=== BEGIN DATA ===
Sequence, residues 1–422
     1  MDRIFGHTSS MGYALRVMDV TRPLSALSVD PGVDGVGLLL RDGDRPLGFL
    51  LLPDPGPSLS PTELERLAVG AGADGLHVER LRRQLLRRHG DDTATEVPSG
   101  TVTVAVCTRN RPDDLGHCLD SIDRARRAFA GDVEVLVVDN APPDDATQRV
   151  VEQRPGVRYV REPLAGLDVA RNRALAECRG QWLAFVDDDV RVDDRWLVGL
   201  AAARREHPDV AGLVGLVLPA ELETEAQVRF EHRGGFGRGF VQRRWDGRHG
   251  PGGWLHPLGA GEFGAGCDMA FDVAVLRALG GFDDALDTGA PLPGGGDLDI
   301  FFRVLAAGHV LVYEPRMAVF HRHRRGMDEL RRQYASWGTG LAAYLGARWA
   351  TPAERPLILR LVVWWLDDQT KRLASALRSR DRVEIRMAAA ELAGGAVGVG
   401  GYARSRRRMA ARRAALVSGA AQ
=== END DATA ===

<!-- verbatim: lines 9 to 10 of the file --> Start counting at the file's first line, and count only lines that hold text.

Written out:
   351  TPAERPLILR LVVWWLDDQT KRLASALRSR DRVEIRMAAA ELAGGAVGVG
   401  GYARSRRRMA ARRAALVSGA AQ